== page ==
- Store containers of paints, chemicals, solvents, and other hazardous materials in accordance with secondary containment regulations and under cover during rainy periods.
- Open or leaking dumpsters can be a source of stormwater pollution.
- Cover open dumpsters with plastic sheeting or a tarp during rainy weather. Secure the sheeting or tarp around the outside of the dumpster. If your dumpster has a cover, close it.
- If a dumpster is leaking, contain and collect leaking material. Return the dumpster to the leasing company for repair/exchange.
- Do not clean dumpsters on-site. Return to leasing company for periodic cleaning, if necessary.
- Paint removal wastes include chemical paint stripping residues, paint chips and dust, sandblasting material and wash water. These wastes contain chemicals that are harmful to the wildlife in our creeks and the water bodies they flow to. Keep all paint wastes away from the gutter, street, and storm drains.
- Non-hazardous paint chips and dust from dry stripping and sandblasting may be swept up or collected in plastic drop cloths and disposed of as trash. Chemical paint stripping residue and chips and dust from marine paints or paints containing lead or tributyl tin must be disposed of as a hazardous waste.
- When stripping or cleaning building exteriors with high-pressure water, cover or berm storm drain inlets. If possible (and allowed by your local wastewater treatment plant), collect (mop or vacuum) building cleaning water and discharge to the sanitary sewer. Alternatively, discharge non-contaminated wash water onto a dirt area and spade into the soil. Be sure to shovel or sweep up any debris that remains in the gutter and dispose of as garbage.
- Although many paint materials can and should be recycled, liquid residues from paints, thinners, solvents, glues, and cleaning fluids are hazardous wastes. When they are thoroughly dry, empty paint cans, used brushes, rags, absorbent materials, and drop cloths are no longer hazardous and may be disposed of as garbage.
- Never clean brushes or rinse paint containers into a street, gutter, storm drain, or creek.
- For water-based paints, paint out brushes to the extent possible and rinse to a drain leading to the sanitary sewer (i.e., indoor plumbing).
- For oil-based paints, clean out paint from brushes to the extent possible, and filter and reuse thinners and solvents. Dispose of unusable thinners and residue as hazardous waste.
- Recycle, return to supplier or donate unwanted water-based (latex) paint. You may be able to recycle clean empty dry paint cans as metal.
- Dried latex paint may be disposed of in the garbage.
- Unwanted paint (that is not recycled), thinners, and sludge must be disposed of as hazardous waste.
- More and more paint companies are recycling excess latex paint.
- Concrete and cement-related mortars that wash into gutters and storm drains are toxic to fish and the aquatic environment.
- Avoid mixing excess amounts of fresh concrete or cement mortar on-site.
- Store dry and wet materials under cover, protected from rainfall and runoff.
- Wash out concrete transit mixers only in designated washout areas where the water will flow into settling ponds or onto dirt or stockpiles of aggregate base or sand. Pump water from settling ponds to the sanitary sewer, where allowed. Whenever possible, recycle washout by pumping back into mixers for reuse. Never dispose of washout into the street, storm drains, drainage ditches, or creeks.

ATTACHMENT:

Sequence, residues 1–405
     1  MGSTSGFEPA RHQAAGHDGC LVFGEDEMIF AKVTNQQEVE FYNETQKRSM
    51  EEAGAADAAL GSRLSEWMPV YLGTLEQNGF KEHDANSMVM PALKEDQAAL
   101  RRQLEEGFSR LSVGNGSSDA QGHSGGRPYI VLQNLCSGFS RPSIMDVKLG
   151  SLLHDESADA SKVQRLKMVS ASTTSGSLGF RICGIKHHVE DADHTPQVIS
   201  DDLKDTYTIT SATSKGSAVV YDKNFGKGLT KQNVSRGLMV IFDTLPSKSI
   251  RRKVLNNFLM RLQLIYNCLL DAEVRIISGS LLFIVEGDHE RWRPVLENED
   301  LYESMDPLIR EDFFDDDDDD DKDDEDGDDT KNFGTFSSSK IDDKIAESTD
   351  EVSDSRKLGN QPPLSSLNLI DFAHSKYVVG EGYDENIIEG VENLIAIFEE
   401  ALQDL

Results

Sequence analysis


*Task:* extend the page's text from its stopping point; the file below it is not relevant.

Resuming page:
- Whenever possible, return contents of mixer barrel to the yard for recycling. Dispose of small amounts of excess concrete, grout, and mortar in the trash.
- Cleared vegetation, tree trimmings, and other plant material can cause environmental damage if it gets into creeks. Such "organic" material requires large quantities of oxygen to decompose, which reduces the oxygen available to fish and other aquatic life.
- Do not dispose of plant material in a creek or drainage facility or leave it in a roadway where it can clog storm drain inlets.
- Avoid disposal of plant material in trash dumpsters or mixing it with other wastes. Compost plant material or take it to a landfill or other facility that composts yard waste.
- Recycle yard waste and tree pruning at a landfill that chips and composts plant material.
- Make sure all demolition waste is properly disposed.
- Demolition debris that is left in the street or pushed over a bank into a creek bed or drainage facility causes serious problems for flood control, storm drain maintenance, and the health of our environment. Different types of materials have different disposal requirements or recycling options.
- Materials that can be recycled from demolition projects include: metal framing, wood, concrete, asphalt, and plate glass.
- Materials that can be salvaged for reuse from old structures include: doors, banisters, floorboards, windows, 2x4s, and other old, dense lumber.
- Unusable, un-recyclable debris should be confined to dumpsters, covered at night and during wet weather, and taken to a landfill for disposal.
- Hazardous debris such as asbestos must be handled in accordance with specific laws and regulations and disposed of as hazardous waste. For more information on asbestos handling and disposal regulations, contact the South Coast Air Quality Management District.
- Arrange for an adequate debris disposal schedule to insure that dumpsters do not overflow.
You are required by law to report all significant releases or suspected significant releases of hazardous materials including oil.
To report a spill, call the following agencies:
- Dial 911
- County of Los Angeles Hotline (800) 303-0003
- Governor's Office of Emergency Services Warning Center (800) 852-7550 (24 hours).
- For spills of 'Federal Reportable Quantities' of oil, chemicals, or other hazardous materials to land, air, or water, notify the National Response Center (800) 424-8802.
- If you are not sure whether the spill is of a 'reportable quantity,' call the federal Environmental Protection Agency (800) 424-9346 for clarification.
- For further information, see State Office of Emergency Services, Hazardous Materials Division's California Hazardous Material Spill Release Notification Guidance.
Agencies to call if you find or suspect contaminated soil or groundwater:
- Regional Water Quality Control Board Los Angeles Basin (213) 266-7500
- California Environmental Protection Agency (Cal EPA) Department of Toxic Substances Control (DTSC) (510) 540-3732
Documents and resources are available from:
- State Water Resources Control Board (SWRCB) (916) 341-5250
- Cal EPA, DTSC (916) 322-3670
- General Construction Activity Storm Water Permit
- California Storm Water Best Management Practice Handbook Construction Activity
- Waste Minimization for the Building Construction Industry Fact Sheet
- Additional information regarding Development Services call (562) 570-6651
- For City of Long Beach Environmental Services Bureau (562) 570-2876, special pick-up.
Building and Safety Bureau
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The Permit Center is closed daily for lunch from Noon to 1 p.m.
411 West Ocean Blvd., 3rd Floor
Long Beach, CA 90802